The Rite of Spring was first performed as part of a Paris season by the Ballets Russes, the most influential ballet company of the era. When it comes to the legend of the Rite’s 1913 premiere, it’s difficult to separate truth from fiction. But in many accounts, the evening descended into a near-riot: after scuffles in the auditorium, the police were called and 40 people were thrown out of the building. As one observer wrote, ‘A certain part of the audience was thrilled by what it considered to be a blasphemous attempt to destroy music as an art.’ If that sounds familiar, many people said something similar about the Sex Pistols’ legendary 1976 show at the Lesser Free Trade Hall.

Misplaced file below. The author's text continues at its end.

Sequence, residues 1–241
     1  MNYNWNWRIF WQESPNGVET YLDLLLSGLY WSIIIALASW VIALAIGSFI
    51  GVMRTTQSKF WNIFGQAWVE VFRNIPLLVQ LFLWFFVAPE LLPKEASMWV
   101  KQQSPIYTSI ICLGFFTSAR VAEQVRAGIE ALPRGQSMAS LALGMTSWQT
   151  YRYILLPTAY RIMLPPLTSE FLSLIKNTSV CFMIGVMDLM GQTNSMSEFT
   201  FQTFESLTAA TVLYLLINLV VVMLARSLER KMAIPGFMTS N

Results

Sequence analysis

From Stravinsky’s dissonant, cubist rewritings of Russian folk melodies to his vicious, lightning-strike rhythms, the Rite was built to shock – and the intervening years haven’t dulled the impact. Modern music has caught up with and even emulated Stravinsky’s innovations. But this savage, ferocious and truly radical piece still takes the breath away. No one forgets their first encounter.
Premiered 12 months apart in Paris, this double-bill of iconic ballets surveys the revolutions that swept music a century ago. Ravel’s Daphnis and Chloé is a seductive piece of musical impressionism, delicate melodies soaked in lush orchestrations. Compare and contrast with Stravinsky’s primeval The Rite of Spring,which caused a near-riot on its opening night and remains one of the most exhilarating experiences that the concert hall has to offer. The evening begins with Vivo, Magnus Lindberg’s modern homage to Daphnis and Chloé.